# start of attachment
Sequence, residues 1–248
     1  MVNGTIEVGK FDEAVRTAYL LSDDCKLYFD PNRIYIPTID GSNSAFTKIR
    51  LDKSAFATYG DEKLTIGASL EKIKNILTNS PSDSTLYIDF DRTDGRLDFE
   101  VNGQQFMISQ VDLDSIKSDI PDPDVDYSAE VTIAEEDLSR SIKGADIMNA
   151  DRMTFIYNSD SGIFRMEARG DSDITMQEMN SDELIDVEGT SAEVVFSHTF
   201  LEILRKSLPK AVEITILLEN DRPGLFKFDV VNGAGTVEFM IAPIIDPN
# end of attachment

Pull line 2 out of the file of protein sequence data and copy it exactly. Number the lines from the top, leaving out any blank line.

     1  MVNGTIEVGK FDEAVRTAYL LSDDCKLYFD PNRIYIPTID GSNSAFTKIR